At this point I was baffled, frustrated, and out of editions of Bijou. I moved on to other books by Durang, hoping one of them would reprint the quadrilles or at least provide the step and figure information I was looking for. Next up was The Dancer's Own Book, at first glance a totally different work. Aldrich dates it to 1855, though I was unable to find any date in this copy. There was no introductory verbiage; Durang dove right in with pictures and descriptions of quadrille figures, though not the ones I was most interested in. I was paging happily through until I got to page 111 and the book abruptly skipped to 156, after which came 157, logically enough, but followed, confusingly, by 160-183, 112, 159, and 184. This wasn’t just a matter of missing pages. But it didn’t actually affect the way the book read – each jump came at the beginning of a new section of text, so if you just ignored the page numbers you could overlook the problem entirely. Ignoring this sort of detail does not come naturally to me, but I gnashed my teeth a little and went on to the next Durang, completely overlooking an important clue.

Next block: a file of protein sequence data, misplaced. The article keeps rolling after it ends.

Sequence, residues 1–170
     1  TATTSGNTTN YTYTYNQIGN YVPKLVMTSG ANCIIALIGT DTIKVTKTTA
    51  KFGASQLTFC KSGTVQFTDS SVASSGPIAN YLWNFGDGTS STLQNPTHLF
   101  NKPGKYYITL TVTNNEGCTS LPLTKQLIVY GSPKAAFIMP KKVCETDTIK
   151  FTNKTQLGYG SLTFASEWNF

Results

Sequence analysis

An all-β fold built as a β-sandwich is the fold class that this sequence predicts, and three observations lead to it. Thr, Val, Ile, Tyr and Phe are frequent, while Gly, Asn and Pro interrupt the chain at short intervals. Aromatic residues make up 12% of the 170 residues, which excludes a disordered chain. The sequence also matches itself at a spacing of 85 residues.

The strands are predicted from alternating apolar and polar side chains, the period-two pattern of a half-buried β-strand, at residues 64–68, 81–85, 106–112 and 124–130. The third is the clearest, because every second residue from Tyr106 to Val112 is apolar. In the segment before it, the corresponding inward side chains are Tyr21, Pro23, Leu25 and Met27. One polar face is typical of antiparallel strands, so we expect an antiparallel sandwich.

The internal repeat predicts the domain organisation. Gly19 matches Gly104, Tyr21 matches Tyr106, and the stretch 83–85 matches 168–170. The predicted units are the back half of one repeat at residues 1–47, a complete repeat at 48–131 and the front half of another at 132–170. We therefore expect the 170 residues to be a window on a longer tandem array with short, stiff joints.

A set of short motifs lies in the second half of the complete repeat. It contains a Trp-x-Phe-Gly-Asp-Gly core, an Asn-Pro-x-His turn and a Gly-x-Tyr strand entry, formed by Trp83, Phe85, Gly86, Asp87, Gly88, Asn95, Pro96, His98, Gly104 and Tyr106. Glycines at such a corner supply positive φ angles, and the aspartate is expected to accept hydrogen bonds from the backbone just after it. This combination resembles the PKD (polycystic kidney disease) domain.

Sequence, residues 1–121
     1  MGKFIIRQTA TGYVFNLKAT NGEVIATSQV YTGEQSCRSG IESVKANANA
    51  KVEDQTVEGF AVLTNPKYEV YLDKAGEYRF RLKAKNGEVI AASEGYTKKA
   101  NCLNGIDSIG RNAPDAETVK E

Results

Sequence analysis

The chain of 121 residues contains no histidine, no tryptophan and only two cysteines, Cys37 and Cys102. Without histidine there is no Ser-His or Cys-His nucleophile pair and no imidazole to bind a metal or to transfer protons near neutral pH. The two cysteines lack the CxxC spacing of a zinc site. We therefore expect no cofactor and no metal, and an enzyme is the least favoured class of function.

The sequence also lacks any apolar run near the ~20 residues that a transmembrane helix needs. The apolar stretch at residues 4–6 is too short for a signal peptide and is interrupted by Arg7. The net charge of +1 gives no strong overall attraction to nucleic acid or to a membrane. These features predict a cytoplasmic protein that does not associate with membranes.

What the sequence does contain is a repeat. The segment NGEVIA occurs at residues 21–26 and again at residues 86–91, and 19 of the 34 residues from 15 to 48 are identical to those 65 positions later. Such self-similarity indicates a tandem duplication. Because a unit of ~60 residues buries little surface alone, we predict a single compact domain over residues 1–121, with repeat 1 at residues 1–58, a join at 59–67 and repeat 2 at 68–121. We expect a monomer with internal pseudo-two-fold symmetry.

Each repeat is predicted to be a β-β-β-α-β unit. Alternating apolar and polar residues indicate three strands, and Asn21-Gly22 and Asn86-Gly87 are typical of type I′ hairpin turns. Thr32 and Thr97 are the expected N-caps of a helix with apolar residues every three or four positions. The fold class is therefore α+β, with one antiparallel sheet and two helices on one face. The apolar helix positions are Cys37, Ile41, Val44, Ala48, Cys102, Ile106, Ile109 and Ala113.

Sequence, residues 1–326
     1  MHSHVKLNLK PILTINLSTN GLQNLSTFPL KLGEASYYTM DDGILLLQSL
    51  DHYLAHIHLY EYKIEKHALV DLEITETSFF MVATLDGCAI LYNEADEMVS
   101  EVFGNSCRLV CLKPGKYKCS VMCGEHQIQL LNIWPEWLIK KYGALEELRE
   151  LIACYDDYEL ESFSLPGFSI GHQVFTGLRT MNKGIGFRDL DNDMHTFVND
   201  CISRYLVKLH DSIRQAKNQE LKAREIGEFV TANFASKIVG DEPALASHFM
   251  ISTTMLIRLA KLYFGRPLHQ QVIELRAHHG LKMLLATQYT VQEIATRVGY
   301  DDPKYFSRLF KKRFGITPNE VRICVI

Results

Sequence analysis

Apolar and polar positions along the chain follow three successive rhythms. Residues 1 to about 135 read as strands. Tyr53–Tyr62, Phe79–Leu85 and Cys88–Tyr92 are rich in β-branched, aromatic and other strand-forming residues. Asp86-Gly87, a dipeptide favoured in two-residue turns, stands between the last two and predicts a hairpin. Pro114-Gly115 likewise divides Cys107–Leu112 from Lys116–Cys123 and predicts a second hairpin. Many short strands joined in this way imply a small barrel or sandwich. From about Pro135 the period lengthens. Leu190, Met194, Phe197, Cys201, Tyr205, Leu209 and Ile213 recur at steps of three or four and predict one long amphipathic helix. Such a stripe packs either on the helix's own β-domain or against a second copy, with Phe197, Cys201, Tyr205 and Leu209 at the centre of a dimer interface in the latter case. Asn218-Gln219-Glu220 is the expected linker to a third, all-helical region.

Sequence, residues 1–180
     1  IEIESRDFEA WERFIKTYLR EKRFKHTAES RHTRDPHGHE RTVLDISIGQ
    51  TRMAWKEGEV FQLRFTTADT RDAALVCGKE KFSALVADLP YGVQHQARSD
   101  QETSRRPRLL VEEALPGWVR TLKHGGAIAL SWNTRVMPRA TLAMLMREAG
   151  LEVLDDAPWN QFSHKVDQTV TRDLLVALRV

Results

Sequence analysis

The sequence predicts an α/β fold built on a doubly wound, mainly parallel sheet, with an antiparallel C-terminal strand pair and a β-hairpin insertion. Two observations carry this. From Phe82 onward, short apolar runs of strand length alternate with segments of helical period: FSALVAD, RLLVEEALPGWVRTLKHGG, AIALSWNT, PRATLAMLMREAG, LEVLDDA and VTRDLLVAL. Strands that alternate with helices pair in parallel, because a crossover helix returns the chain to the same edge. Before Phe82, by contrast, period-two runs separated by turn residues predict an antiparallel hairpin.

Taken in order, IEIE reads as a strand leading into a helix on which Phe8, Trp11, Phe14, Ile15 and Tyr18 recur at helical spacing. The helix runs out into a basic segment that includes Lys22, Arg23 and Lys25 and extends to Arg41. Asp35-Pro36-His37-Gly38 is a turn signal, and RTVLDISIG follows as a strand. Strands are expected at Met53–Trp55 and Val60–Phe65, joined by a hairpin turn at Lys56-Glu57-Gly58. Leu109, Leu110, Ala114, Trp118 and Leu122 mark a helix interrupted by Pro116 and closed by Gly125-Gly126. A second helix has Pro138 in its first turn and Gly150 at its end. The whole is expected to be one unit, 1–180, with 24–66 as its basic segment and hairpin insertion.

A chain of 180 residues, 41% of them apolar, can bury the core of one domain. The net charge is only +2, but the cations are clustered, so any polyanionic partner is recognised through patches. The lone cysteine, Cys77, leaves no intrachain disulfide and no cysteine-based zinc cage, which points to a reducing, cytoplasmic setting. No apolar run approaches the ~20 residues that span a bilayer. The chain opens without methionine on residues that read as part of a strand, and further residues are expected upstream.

The fifth and final Durang book on my NYPL list was Durang's Terpsichore or Ball Room Guide, bound with a copy of Durang’s later work, The Fashionable Dancer's Casket. (The latter manual is a completely separate work published in 1856. It is easily available online at the Library of Congress collection and in a modern facsimile edition.) Terpsichore is dated 1847, putting it in the same timeframe as Bijou and Dancer’s Own, and is a larger book – about the size of the other two put together. I had high hopes for new material. And then I started reading, and the first words of the preface looked very familiar. Exactly the same as Bijou, in fact. So did the next section. In fact, the first 50 pages were – yep – word for word the same as the original editions of Bijou.